- fhotels / Flickr
- The New York Times recently reported that, while there are more travelers seeking hotel stays than ever, the hospitality industry as a whole is facing a major workforce shortage.
- The number of guest rooms rose to 5.3 million in 2018 – but with a 66.2% occupancy rate and the seasonally adjusted number of accommodation and food service job openings at 6.1%, there aren’t enough workers to keep things running properly.
- Hotel amenities are affected by the struggling hospitality job market.
- Visit Business Insider’s homepage for more stories.
More people are traveling than ever.
That means business is thriving for hotels across the country – but it’s getting to the point where they can’t keep up with staffing needs. According to a recent New York Times report, the demand for hotels is at an all-time high – and the labor market is particularly dismal within the hospitality and lodging industries.
Per a report released on September 9 by Oxford Economics on behalf of the American Hotel and Lodging Association (AHLA) and cited by the Times, developers are building more new lodgings, with over 2,270 hotels, motels, inns, and bed-and-breakfasts added in the last three years. That brings the total number of hotel properties in the country to almost 55,900.
With an average occupancy rate of 66.2% for the 5.3 million guest rooms across the US over the course of 2018 (the highest rate since 2005, the Times noted), that means there are more guests to attend to than ever – with fewer hospitality workers available to help them.
“For travelers, the labor shortage might mean lines at the front desk, rooms that aren’t ready at check-in, hotel pools without lifeguards, delayed maintenance and fewer on-site dining options,” Karen Schwartz wrote for the Times. In fact, there are over 1 million unfilled jobs in the hospitality industry, Schwartz wrote, citing Rosanna Maietta, president of the American Hotel and Lodging Educational Foundation.
While this hospitality workforce shortage is forcing some properties to shutter entirely, others have been able to remain in operation while scaling back their amenities.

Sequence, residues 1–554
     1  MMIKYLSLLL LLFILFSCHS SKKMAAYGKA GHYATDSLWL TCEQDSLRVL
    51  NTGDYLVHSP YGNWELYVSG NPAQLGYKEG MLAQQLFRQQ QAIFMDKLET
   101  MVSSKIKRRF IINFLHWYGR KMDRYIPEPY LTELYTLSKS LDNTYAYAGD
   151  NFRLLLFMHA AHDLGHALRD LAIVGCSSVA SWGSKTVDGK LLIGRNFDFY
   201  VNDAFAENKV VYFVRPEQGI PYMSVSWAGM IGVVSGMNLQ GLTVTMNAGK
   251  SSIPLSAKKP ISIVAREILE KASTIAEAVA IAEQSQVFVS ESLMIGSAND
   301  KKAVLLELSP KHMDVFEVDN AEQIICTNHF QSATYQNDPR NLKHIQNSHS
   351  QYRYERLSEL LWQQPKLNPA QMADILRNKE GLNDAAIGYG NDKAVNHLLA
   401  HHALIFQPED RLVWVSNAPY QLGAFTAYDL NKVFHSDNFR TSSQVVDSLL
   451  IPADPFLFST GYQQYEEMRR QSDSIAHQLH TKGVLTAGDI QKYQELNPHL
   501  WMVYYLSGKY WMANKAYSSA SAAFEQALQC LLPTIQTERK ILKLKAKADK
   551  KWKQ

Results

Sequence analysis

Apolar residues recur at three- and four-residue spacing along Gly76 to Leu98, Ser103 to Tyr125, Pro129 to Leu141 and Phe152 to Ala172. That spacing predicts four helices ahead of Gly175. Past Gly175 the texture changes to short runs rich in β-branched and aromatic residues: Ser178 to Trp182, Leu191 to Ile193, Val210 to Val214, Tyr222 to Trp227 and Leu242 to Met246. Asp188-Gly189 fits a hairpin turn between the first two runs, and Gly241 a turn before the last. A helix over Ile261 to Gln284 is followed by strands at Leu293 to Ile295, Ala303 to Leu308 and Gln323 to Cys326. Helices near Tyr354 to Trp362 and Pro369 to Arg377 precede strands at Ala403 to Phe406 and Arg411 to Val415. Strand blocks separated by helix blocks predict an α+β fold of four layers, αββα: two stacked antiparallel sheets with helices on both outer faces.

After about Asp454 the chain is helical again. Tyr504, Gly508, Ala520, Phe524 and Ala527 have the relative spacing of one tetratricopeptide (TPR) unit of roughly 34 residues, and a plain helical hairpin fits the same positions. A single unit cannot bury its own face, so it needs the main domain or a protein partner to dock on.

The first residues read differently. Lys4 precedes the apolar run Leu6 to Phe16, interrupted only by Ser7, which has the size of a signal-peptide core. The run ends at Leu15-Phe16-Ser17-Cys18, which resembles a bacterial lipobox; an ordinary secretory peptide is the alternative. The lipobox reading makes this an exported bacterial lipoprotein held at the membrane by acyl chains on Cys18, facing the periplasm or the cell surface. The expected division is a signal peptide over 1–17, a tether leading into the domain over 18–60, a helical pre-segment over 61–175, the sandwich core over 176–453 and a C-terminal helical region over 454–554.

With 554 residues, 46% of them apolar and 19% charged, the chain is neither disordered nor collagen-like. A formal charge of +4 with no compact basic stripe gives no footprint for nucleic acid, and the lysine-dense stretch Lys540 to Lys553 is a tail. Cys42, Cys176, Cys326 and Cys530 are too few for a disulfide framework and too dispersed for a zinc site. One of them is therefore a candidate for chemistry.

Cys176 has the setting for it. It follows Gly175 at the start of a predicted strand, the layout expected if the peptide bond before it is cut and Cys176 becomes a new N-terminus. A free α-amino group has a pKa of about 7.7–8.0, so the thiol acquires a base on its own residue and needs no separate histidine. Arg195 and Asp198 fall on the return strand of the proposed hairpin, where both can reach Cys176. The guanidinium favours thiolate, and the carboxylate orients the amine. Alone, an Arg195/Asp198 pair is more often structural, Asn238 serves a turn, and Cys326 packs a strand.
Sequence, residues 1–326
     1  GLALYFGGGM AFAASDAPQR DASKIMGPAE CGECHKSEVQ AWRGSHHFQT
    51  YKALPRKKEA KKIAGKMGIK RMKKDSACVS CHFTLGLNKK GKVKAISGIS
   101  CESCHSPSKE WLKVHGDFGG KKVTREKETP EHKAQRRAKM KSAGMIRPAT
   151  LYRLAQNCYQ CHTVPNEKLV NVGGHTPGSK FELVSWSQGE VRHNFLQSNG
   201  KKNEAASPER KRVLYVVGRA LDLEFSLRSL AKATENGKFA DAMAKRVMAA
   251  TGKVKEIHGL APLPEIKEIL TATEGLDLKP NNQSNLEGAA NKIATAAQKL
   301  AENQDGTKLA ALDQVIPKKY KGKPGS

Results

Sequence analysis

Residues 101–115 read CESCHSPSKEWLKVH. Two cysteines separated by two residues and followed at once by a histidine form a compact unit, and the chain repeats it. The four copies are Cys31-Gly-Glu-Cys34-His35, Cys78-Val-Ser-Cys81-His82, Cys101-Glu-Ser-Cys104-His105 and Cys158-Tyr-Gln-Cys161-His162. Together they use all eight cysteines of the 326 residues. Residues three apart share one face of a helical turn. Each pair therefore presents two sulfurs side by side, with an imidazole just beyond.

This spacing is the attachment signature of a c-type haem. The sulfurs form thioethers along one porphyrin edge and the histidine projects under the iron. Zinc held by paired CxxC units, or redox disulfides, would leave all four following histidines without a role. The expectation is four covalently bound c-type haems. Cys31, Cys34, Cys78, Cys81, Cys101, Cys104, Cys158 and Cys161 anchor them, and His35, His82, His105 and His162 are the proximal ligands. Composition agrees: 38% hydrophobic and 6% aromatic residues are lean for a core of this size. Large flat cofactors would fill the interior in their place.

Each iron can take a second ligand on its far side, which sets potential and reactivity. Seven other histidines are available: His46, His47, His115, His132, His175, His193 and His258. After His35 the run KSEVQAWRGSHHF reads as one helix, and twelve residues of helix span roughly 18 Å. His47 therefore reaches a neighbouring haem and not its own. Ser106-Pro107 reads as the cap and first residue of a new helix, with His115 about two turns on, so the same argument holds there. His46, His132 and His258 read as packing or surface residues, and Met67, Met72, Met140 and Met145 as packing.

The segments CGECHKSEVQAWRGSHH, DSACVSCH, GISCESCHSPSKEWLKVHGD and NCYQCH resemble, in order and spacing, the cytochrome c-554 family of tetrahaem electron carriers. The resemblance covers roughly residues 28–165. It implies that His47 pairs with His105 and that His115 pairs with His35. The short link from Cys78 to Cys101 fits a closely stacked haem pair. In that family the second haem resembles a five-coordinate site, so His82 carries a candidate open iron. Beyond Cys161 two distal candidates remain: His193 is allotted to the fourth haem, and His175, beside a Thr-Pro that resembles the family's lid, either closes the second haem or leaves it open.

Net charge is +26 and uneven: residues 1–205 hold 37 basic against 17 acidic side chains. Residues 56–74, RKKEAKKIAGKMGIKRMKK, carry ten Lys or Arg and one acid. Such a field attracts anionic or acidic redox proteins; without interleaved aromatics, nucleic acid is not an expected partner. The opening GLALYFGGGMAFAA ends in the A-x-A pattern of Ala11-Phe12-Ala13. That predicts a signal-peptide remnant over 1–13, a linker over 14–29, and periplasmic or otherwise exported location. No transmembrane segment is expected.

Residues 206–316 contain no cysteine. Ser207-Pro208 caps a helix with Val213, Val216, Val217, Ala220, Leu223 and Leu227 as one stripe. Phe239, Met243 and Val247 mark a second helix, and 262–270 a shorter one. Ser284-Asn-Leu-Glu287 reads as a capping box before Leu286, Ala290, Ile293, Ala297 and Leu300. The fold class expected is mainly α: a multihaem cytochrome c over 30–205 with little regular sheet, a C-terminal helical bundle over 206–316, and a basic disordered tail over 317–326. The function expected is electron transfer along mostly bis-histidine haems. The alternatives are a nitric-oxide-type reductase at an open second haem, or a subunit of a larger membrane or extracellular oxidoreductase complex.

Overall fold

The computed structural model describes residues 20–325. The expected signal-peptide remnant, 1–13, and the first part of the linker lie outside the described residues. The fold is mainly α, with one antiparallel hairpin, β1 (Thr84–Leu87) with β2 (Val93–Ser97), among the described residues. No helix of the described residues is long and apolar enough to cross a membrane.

“The single greatest challenge facing our industry is filling essential jobs to ensure the quality service and amenities our guests expect and deserve,” Chip Rogers, AHLA’s president and chief executive, told the Times.
This staffing issue comes at a time when hotels and residential apartment complexes alike are priding themselves on their amenities
- Four Seasons
Business Insider’s Hillary Hoffower recently reported on the trend of golf homes making a comeback in the US, thanks to a technique commonly seen in luxury apartment buildings: offering lavish amenities (and ones that have nothing to do with golf), like casinos and horseback riding.
And lest anyone think that affluent homebuyers aren’t influenced by the availability of extravagant “extras,” California-based real-estate agent Jade Mills told Business Insider’s Libertina Brandt in February that, in a luxury market flooded with properties that boast sky parks and in-house stock trading floors, her buyers are particularly interested in cushy home theaters and wellness amenities like home gyms.
Hotels similarly tout their amenities and their service in a bid to stand out among the ever-increasing competition.
In their 2019 ranking of the best luxury hotel brands in the world, LTI – Luxury Travel Intelligence evaluated chains based on 123 “touch points,” many of which are specifically impacted by staffing: “Commitment to service levels,” upkeep, the reservation process, food and beverage standards, and spa operations are just a few of the evaluated criteria that depend on hospitality workers to flourish.
The long-term effects of this staffing shortage on the hotel market remain to be seen
- REUTERS/Kevin Lamarque
Ian Schrager, the legendary hotelier behind hotel brands like EDITION and PUBLIC, told Business Insider’s Katie Warren in March that luxury hotels are on the precipice of a transformation.
Schrager predicted that, over the next 10 years, luxury hotels will decrease their number of rooms – “maybe 80 to 90 rooms” – but that individual rooms will get bigger. He also believes that said hotels will be “very expensive” with the finest details, “catering to that 1%.”
“I see nothing in the middle,” Schrager said. “And I see a lot of less expensive, value-oriented hotels, but very sophisticated and very cool, with lots of entertainment and food and beverage possibilities.”
All this, of course, depends on a rejuvenated hospitality workforce. That itself will depend partially on changing immigration laws – immigrants make up 31% of hotel and lodging industry workers, according to a Chicago Council on Global Affairs report cited by the Times – and an effort to attract more domestic workers to the field. The American Hotel & Lodging Educational Foundation is actively expanding its career development programs in the hopes of expanding the industry’s domestic workforce.